Growing on Their New Single, "Camera '84," Their New Record, PUMPS!, and Their New Member, IUD's Sadie Laska
Yes In My Backyard is a semiweekly column showcasing MP3s from new and emerging local talent.
Brooklyn bliss brokers Growing have fully grown into their rhythmic stutter-creep on their seventh album, PUMPS!, taking their sound to new cinematic heights. From the band's early days as a meditative quasi-metal drone duo to their early experiments in beat-centric slice-'n'-dice, Growing have only had one objective--to envelop the listener in an abrasive-yet-cozy sound world. PUMPS! (due April 6) is their first album for Vice Records and first with new third member Sadie Laska of IUD. It's the group's brashest and busiest in years, mixing a colorful panoply of sound that is at one dance music, sound collage and graceful noise. Errant skips are tweaked to do the work of drum machines, random things sputter in epileptic disharmony, and inhuman voices hiccup and burp in the ether--an uneasy spiral somewhere between microhouse and Texas Chainsaw Massacre. You can get a real feel for the increasing complexity of Growing's new compositions by hearing the short PUMPS! burst "Camera '84." Once the beat kicks in it's like a whisper of krautrock, the dizzy slurps of Black Dice's Repo, a sexy Italo disco record, and at least one mystery sample, all playing at a harrowing 84 bpm (though it feels more like 168).
Download: Growing, "Camera '84"
Growing on "Camera '84"
How did "Camera '84" come about?
NJMEA All-State Symphonic Band, Wind Ensemble & Women's Choir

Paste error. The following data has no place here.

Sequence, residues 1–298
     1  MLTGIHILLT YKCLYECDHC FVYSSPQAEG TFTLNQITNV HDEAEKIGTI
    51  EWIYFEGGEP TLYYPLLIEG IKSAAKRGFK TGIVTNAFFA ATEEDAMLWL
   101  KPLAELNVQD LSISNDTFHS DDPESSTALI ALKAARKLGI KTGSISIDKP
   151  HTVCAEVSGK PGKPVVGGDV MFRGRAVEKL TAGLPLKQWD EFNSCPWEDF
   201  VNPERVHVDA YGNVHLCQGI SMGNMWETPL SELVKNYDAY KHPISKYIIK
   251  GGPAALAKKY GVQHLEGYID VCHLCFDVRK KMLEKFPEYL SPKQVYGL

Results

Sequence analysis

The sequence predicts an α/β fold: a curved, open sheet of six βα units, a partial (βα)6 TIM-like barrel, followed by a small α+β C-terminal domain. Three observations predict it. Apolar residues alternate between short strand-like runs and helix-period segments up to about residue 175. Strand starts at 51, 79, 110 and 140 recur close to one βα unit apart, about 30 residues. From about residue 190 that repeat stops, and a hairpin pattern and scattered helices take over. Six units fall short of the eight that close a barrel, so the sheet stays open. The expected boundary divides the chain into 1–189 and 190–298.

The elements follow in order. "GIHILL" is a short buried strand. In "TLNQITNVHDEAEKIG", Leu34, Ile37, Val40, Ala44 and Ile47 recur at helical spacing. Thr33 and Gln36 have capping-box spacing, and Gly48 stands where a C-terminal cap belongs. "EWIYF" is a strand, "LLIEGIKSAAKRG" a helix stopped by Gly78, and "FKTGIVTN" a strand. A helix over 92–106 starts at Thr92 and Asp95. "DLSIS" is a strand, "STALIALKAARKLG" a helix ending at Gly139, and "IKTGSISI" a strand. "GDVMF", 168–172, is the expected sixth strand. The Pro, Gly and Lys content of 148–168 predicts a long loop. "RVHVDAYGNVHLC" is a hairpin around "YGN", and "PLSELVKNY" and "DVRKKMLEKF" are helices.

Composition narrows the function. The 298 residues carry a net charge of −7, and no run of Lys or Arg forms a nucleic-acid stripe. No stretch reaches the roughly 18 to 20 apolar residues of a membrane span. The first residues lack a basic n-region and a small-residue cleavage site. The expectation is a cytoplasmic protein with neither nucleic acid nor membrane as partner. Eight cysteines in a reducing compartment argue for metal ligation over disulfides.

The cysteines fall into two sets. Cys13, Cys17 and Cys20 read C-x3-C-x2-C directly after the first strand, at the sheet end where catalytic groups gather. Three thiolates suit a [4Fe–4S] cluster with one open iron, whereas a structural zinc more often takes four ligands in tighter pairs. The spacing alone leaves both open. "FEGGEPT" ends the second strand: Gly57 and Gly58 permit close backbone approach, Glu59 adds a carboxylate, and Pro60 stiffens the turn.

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Joe DeNardo: Sadie made the lyrics. I think it's kind of "out there" Kevin Doria: I was having a hard time at first making a beat that complimented the guitar, so I started working in double-time. After I got the beat written, I started messing around with my sampler and filled a textural void in the beat that I could easily bring in and out. I really wanted to make a driving beat for it because the guitar part is so nice and melodic. I thought maybe a harder faster beat would be a good companion but still have kind of a counterpoint. The sample is from a song that I love that is a major guilty pleasure. I really like using samples from songs like that because I can really get at the things that I like about them and use them in a totally different context.
Where did the title "Camera '84" come from?
Doria: The bpm rate is 84--hence that part of the name. The camera part, I'm not sure. DeNardo: I wanted to call a song "Camera" because I like the way the word rolls off the tongue.
What's the best part about adding a third member to your lineup?
Doria: I really like having another voice. Joe and I have been playing together for close to 10 years, so it's been really fun and exciting to have another person adding to the whole picture. It's pushing me to write in ways that are new for me. I also feel a little more reckless and loose. It's great.
How have your attitudes and intentions changed since you've fully embraced rhythms?
Doria: I don't know if mine have. I still want to have the same effect on people, but I don't want to be doing the same thing all the time. Ten years is long time to be making exactly the same thing, exactly the same way. We catch a lot of criticism for developing, but I think that's more of a comment on music writers and armchair quarterbacks than it is on us.
What's been the most memorable show you've ever played in New York?
DeNardo: They all sort of blur together. The last one in November at Market Hotel was nice. Doria: Playing at Benjamin Cho's fashion show a few years ago. It was the scariest show because my stuff always breaks at the worst times. I fully expected something to fail in the middle of the show.
What's your favorite place to eat in Brooklyn?
Doria: New Mexico Place on Graham Avenue. DeNardo: Pies and Thighs, Carmines Original Italian Pizza, Leon's Burger Hut, Roebling Tea Room--they're all excellent.
Growing play Coco 66 on April 6.
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